I rendered some slight assistance at one lock by opening one of the two gates. This is done by leaning back against the arm and pushing with one’s feet. The little radiused brick path has raised sections so that it’s possible to get a good grip with one’s feet. Having done my good deed for the day we continued onward and upward.
Just before we reached the top I spotted this heron perched on an inflatable barrier on one of the large side ponds. A very handy fishing platform.
From here we return to the Danebury Hotel in Andover where we are prepared to try one of their evening meals. I suppose it’s only an evening meal from our point of view as they appear to serve cooked food all day.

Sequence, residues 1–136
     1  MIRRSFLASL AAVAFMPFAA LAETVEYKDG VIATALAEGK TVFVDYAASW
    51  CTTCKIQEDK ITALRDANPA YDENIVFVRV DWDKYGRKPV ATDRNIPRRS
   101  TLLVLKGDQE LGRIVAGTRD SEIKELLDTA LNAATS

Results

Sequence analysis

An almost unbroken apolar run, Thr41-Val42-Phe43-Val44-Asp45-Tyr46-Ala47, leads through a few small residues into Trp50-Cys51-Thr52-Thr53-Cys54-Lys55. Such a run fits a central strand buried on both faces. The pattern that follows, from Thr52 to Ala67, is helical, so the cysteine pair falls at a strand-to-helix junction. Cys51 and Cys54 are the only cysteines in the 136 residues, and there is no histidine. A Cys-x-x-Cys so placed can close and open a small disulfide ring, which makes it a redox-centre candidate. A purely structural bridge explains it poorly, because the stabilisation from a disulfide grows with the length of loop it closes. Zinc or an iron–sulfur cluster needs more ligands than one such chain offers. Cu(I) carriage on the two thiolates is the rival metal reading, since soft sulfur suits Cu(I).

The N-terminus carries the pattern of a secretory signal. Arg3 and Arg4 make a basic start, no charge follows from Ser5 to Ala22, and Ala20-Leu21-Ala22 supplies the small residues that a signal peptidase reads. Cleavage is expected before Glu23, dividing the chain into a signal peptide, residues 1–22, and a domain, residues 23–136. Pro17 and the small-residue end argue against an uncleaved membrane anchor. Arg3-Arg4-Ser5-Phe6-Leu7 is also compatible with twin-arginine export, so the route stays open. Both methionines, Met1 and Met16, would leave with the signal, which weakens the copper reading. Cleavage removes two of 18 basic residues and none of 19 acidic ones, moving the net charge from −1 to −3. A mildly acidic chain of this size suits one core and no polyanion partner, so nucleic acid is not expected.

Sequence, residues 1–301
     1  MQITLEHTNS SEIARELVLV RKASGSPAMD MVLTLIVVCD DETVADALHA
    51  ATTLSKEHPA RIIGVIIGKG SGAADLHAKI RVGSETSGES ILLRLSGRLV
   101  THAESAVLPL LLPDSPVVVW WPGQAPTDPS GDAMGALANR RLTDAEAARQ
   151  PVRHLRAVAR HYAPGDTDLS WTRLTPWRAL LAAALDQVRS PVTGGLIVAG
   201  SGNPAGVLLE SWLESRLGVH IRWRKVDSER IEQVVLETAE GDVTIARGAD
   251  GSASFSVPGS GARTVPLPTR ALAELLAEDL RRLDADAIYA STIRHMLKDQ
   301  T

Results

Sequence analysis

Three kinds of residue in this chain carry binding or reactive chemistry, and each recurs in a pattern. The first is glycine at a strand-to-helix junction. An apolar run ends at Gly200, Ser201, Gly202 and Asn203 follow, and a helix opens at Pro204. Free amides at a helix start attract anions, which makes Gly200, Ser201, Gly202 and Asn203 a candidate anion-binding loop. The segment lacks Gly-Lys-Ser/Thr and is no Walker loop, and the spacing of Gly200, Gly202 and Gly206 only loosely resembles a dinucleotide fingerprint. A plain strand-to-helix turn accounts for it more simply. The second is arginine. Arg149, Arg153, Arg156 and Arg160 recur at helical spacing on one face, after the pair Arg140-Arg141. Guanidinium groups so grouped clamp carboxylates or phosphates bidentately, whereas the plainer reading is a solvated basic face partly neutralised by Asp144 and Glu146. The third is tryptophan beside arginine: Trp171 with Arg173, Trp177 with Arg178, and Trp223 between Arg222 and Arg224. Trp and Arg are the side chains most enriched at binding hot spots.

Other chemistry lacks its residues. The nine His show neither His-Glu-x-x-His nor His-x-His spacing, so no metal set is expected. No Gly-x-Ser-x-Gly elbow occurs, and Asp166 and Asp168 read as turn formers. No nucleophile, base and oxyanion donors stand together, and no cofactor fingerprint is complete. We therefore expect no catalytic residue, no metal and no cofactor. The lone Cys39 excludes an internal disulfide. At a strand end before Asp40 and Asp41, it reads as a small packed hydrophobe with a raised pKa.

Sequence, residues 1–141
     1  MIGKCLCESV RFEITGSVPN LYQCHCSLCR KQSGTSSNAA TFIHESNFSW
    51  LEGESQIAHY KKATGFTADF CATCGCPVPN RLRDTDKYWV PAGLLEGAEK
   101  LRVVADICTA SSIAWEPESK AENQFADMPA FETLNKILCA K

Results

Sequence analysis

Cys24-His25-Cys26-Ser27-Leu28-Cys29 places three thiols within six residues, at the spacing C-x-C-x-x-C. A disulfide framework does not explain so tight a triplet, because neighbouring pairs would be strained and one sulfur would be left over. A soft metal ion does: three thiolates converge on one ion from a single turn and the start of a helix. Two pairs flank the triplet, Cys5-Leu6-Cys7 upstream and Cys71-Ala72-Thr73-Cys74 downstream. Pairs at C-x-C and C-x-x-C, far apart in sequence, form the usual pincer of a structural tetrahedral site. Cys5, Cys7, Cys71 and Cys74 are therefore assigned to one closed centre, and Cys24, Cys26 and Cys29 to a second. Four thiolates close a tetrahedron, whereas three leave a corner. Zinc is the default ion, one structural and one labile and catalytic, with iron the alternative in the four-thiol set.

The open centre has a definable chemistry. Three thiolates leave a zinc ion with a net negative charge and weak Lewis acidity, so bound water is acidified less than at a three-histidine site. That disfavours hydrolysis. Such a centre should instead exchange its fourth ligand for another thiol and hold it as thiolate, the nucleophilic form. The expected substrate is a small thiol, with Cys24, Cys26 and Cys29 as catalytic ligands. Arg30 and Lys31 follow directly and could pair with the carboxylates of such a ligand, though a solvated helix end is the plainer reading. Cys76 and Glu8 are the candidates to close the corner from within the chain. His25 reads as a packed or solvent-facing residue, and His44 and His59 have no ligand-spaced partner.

On our return we discovered that the only place we can eat is the Public Bar which we share with three coin-in-the-slot gaming machines covered in flashing lights, a giant television, a pool table, loudish ‘background’ music and numerous gentlemen with heavily tatooed bare arms.
Ah well it’s worth a try. The food turned out to be pretty average and not as good as one might expect in many pubs these days. One of the men in the bar apologised for another’s bad language which neither of us actually noticed but thought it was a nice gesture.
Looking around at the various signs in the bar area it appears that they are catering specifically for the heavy drinking fraternity with such as ‘Buy two glasses of wine and get the whole bottle’ sort of thing. Their main trade is apparently on Friday and Saturday nights when, thankfully, we shall be long gone.
The meal passed uneventfully but we decided not to eat there on our third night.
Tomorrow we hope will be in-spiring.